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Handle bar change

Old 08-29-21, 04:54 PM
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App4that
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Handle bar change

I have a 95 Trek 820 I'm turning into a town bike. Already have the rear rack and comfort seat, would like to install higher handlebars, as in they trun up. There's enough cable to do so, do I have to worry about the shifters fitting?
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Old 08-29-21, 07:30 PM
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Originally Posted by App4that View Post
I have a 95 Trek 820 I'm turning into a town bike. Already have the rear rack and comfort seat, would like to install higher handlebars, as in they trun up. There's enough cable to do so, do I have to worry about the shifters fitting?
In a word, yes. The diameters of drop bars and upright bars are not always the same and thus stuff that works on one doesn't always fit on the other. I'm talking here about the diameters where stuff attaches.

The clamp areas are also often not the same. The clamp area on older style drop bars are usually 26.0mm, although old Cinelli bars were 26.2mm for reasons known only to Cino Cinelli (edit: now that I think about it, I think it may actually be 26.4mm). In more recent years, a lot of drop bars have a clamp area diameter of 31 point something millimeters. Upright bars often are 25.4mm. You can shim a smaller diameter bar to work with a larger diameter stem - my drop-bar-to-upright-bar city bike conversion has a shimmed bar - but be absolutely 100% no-doubt-about-it certain your bar will tighten down enough with the shim in place. You do not want to have the bar slip the first time (or any time) you apply the front brake hard. At least not if you like your teeth.
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Old 08-30-21, 12:49 PM
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Is the handlebar clamp diamiter the same as the handlebar diamiter?

Guess what I mean is, do you match them when buying bars?

Also, the womens 820 had upright bars, could the men's be swapped for the womens?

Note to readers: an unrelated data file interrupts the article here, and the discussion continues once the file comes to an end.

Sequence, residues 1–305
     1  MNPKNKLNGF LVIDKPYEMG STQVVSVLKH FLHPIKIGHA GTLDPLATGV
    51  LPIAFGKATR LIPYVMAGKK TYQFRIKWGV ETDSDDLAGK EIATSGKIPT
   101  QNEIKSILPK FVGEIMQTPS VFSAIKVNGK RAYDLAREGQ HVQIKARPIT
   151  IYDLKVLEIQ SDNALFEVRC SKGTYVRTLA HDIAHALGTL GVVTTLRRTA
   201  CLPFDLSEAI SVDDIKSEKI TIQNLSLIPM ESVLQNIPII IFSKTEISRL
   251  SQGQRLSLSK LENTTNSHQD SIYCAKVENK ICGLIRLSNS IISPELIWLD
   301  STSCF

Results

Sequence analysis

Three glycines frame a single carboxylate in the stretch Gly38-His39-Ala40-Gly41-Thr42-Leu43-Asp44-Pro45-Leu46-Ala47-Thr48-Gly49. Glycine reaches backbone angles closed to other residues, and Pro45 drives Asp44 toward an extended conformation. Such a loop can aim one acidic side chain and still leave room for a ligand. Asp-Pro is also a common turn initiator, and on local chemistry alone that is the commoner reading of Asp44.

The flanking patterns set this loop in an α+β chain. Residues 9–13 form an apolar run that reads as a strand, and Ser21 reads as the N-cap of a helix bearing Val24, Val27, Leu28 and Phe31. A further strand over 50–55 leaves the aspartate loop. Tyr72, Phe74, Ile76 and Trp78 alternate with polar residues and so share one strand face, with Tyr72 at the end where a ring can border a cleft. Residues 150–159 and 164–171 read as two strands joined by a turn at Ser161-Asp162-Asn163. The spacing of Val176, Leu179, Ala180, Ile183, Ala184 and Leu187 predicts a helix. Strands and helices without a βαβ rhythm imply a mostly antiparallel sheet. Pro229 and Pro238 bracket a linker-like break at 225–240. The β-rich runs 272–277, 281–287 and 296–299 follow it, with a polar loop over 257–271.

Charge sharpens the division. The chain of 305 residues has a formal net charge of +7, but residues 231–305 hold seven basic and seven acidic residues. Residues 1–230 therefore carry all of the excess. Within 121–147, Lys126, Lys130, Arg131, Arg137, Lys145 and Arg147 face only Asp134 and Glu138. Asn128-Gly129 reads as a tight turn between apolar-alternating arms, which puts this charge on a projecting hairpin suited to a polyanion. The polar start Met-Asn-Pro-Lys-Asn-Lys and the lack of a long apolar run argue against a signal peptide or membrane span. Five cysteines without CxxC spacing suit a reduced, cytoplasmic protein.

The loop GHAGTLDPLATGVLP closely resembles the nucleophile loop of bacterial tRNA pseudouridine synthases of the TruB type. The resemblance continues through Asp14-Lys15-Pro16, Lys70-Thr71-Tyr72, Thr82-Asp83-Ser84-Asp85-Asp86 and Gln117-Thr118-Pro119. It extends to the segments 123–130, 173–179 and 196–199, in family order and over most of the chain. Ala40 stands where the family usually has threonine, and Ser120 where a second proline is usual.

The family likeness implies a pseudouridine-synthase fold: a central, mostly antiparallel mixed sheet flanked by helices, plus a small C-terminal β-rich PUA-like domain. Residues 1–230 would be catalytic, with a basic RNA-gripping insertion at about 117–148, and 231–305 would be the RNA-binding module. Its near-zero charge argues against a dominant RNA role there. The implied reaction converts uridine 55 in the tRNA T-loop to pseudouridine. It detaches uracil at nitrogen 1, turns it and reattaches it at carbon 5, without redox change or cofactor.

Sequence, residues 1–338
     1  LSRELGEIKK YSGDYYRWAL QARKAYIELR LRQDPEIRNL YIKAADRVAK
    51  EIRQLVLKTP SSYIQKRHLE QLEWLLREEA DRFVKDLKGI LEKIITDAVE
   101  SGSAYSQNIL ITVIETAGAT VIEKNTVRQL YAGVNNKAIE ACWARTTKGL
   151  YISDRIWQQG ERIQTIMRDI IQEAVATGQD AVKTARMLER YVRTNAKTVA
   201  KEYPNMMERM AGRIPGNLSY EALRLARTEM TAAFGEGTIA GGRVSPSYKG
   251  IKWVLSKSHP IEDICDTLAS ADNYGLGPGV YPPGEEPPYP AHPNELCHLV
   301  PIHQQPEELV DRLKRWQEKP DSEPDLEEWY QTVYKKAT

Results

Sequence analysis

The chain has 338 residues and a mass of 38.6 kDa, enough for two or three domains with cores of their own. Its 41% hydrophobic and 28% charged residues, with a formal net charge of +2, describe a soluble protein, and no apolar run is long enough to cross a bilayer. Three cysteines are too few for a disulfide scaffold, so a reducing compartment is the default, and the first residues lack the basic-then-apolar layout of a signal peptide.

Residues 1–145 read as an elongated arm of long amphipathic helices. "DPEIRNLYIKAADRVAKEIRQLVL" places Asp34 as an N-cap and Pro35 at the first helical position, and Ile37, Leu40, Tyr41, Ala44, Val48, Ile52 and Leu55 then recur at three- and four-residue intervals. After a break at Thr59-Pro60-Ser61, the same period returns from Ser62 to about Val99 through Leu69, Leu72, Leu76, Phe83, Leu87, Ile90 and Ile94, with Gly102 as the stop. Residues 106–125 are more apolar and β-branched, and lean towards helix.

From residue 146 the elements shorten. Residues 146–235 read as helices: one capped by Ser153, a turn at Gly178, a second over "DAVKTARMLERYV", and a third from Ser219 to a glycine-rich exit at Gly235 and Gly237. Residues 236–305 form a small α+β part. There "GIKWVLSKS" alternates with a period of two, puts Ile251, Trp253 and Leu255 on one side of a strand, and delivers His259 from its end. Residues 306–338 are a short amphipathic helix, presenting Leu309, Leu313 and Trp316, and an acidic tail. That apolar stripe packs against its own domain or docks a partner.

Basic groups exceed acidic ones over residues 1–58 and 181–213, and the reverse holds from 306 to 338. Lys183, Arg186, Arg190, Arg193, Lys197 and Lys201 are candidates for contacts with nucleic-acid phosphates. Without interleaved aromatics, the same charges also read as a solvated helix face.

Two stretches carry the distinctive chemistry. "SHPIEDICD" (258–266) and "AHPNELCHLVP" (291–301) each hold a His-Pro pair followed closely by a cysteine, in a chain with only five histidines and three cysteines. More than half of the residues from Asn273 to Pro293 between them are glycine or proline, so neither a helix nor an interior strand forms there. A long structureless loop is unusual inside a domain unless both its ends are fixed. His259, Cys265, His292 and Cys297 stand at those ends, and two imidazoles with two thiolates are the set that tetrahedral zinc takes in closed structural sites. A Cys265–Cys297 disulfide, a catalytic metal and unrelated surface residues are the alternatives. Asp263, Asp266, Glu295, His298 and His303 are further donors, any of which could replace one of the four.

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Old 08-30-21, 12:56 PM
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Originally Posted by App4that View Post
Is the handlebar clamp diamiter the same as the handlebar diamiter?

Guess what I mean is, do you match them when buying bars?

Also, the womens 820 had upright bars, could the men's be swapped for the womens?
Check Velo-Orange; many of their handlebars come in multiple diameters.
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Old 08-30-21, 01:42 PM
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Went with Ritchy Comp SC 30mm rizer bars. Have the listed spec clamp size. Bright orange grips to go with the blue frame, because go Broncos

Next step is the shifters. What do you look for when replacing shifters?

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Old 08-30-21, 04:05 PM
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Shifters should match the gears.
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Old 08-30-21, 08:45 PM
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Originally Posted by 3speedslow View Post
Shifters should match the gears.
Just the number of gears in the cassette and matches the handlebar, or the same type. Can you go from twist to lever?
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Old 08-30-21, 09:10 PM
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Originally Posted by App4that View Post
Just the number of gears in the cassette and matches the handlebar, or the same type. Can you go from twist to lever?
Sure, you can go from twist grip to lever/trigger type shifters.
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Old 09-01-21, 11:00 AM
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Originally Posted by onyerleft View Post
You have twist shifters on your 820???
Yes. Is that not what they came with?
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Old 09-01-21, 11:09 AM
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Originally Posted by App4that View Post
I have a 95 Trek 820 I'm turning into a town bike. Already have the rear rack and comfort seat, would like to install higher handlebars, as in they trun up. There's enough cable to do so, do I have to worry about the shifters fitting?
New cables and housing, most of your stuff should transfer over fine. There is some wacky handle bar widths out there, but I could blindly say your alright going from your bars to upright as far as brake levers and shifters. The stem clamp and center handlebar diameter could vary though. So you may need a new stem to go with your bars but brake levers and shifters you'd likely be fine.
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Old 09-01-21, 12:21 PM
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Originally Posted by App4that View Post
Went with Ritchy Comp SC 30mm rizer bars. Have the listed spec clamp size. Bright orange grips to go with the blue frame, because go Broncos

Next step is the shifters. What do you look for when replacing shifters?
Apologies in advance if I am being too basic. I do not mean to be patronizing. It sounds from your posts as if this stuff is pretty new to you (as it once was for all of us) and I'm erring on the side of being too basic. Ignore this if I've misjudged your lever of experience.